I hate rap and hip hop, which seems to be the most popular genre today, and I am not the greatest fan of electronic music either, with a few exceptions. Rock, for all practical purposes, seems to be basically dead. I mean, the era of the great rock bands finished in the 90s, really. If I think of the country where I grew up, Brazil, there were many great rock bands in the 80s and 90s (Legião Urbana, Ira!, Capital Inicial, Camisa de Vênus). A few of them, following the example of the geriatric Rolling Stones, are still active, but there are basically no new rock bands that are very popular. Most of what is popular are variants of synth pop or hip hop, usually extremely vulgar (i.e. what’s called “funk” in Rio).

Of course, even if there were great rock bands today, I probably wouldn’t listen to them, since Youtube and similar services basically allow anyone to find any song that they used to listen in their youth.

One of those songs, which I listened recently for the first time after decades, was a song by the Brazilian band Camisa de Vênus (which is a poetic name for condom – “Venus’s shirt” – but of course I didn’t know that when I was 13 and the song came out). It was popular in the 80s, and had a chorus like this: “Lena veja o que o tempo faz / com as pessoas que não querem perder o gás”, which could be translated literally as “Lena, see what time does / to those who don’t want to lose their gas”, but meaning really people who don’t want to lose their youth, but end up looking like pathetic middle-agers pretending to be still young and thinking that the things they enjoy and know are still cool, etc.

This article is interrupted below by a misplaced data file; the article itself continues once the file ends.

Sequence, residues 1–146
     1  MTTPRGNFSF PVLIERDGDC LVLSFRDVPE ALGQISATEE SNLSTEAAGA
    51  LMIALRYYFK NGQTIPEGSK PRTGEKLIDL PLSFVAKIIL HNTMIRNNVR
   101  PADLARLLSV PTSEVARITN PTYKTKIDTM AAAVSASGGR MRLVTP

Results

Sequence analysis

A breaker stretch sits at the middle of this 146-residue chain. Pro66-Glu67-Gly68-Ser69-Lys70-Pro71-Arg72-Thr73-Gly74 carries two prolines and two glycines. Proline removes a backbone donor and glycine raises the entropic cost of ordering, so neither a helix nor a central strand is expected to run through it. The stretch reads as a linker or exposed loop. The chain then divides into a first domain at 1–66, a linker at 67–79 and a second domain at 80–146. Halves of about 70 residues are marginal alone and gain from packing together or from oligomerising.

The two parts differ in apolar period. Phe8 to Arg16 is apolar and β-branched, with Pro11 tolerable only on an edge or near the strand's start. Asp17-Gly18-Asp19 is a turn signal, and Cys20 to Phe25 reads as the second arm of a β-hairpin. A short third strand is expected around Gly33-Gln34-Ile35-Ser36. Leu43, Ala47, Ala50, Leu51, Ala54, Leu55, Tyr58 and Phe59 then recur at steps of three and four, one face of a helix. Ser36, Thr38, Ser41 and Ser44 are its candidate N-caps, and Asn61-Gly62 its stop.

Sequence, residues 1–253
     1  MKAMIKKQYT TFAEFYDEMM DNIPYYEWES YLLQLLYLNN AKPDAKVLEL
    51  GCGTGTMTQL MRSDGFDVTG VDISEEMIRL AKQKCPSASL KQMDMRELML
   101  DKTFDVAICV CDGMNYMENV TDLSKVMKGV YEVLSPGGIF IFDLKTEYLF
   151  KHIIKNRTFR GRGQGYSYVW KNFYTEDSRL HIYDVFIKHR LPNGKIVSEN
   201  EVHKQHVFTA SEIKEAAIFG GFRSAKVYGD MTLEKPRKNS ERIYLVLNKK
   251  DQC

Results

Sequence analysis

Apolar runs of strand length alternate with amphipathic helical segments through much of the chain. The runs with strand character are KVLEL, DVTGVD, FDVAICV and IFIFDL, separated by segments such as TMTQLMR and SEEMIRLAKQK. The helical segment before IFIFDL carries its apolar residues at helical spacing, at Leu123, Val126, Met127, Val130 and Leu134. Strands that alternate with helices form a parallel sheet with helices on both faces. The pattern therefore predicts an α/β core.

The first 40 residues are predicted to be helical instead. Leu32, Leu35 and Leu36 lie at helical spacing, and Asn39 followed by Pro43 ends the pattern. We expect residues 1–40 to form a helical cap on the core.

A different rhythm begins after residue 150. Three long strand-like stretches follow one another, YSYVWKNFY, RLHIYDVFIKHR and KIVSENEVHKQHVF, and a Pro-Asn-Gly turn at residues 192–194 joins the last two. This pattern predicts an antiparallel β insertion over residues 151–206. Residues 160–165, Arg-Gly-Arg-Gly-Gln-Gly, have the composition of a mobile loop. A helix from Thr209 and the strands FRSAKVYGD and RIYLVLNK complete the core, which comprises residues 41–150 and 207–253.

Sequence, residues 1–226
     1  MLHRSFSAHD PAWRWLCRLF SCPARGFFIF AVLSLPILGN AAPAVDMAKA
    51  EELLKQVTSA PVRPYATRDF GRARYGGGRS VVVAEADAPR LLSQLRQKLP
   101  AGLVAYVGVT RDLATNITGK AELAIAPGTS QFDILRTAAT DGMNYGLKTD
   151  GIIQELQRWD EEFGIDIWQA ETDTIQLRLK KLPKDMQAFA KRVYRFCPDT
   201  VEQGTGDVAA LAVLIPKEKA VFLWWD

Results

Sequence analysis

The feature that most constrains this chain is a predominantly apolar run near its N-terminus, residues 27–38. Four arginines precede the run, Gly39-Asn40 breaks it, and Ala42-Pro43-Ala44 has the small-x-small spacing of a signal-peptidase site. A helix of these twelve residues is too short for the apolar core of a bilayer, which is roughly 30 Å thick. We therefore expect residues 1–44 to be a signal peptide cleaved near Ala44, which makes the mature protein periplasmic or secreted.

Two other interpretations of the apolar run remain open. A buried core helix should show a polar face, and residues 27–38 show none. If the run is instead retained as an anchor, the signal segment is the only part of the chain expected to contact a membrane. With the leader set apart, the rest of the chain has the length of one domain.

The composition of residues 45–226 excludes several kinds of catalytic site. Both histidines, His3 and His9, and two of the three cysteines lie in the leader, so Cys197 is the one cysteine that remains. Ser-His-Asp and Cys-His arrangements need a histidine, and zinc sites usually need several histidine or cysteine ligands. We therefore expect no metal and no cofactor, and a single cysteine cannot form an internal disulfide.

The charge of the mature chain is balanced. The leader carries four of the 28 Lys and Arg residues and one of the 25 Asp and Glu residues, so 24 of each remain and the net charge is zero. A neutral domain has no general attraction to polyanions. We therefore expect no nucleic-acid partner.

I don’t think I had this problem, because I wasn’t cool even when I was young… Nor did I care to, very much. Youth is fickle and superficial. Nelson Rodrigues, a famous Brazilian journalist and writer, once was asked what was the best advice he could give to the young, and he said: “Get old .” And that’s what they all did.

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The photographs below (the photographs of photographs) were taken at a shop window in Altenburg, Germany, a few weeks ago. I don’t now what’s the context of the pictures, but I found interesting the juxtaposition of the images of the group of ladies dressed all the same way with aprons (workers in a factory?) with the vintage erotic photograph. The pictures seem to be from the beginning of the 20th century and of course all those people are long dead now.

It was said that certain primitive tribes of the Pacific didn’t like their photographs taken because they believed that “photographs can capture your soul”. Maybe they were right about that… There is something eery about mirror-like images that freeze your aspect in time and can last even beyond your earthly life. But of course, in those initial times of photography (early 20th century), taking a picture was a special event, you didn’t take one every day or every hour to post online as we do now. But what to think of the thousands of images that each of us now will leave for posterity, or at least to the limbo of the digital realm in the “Cloud”…?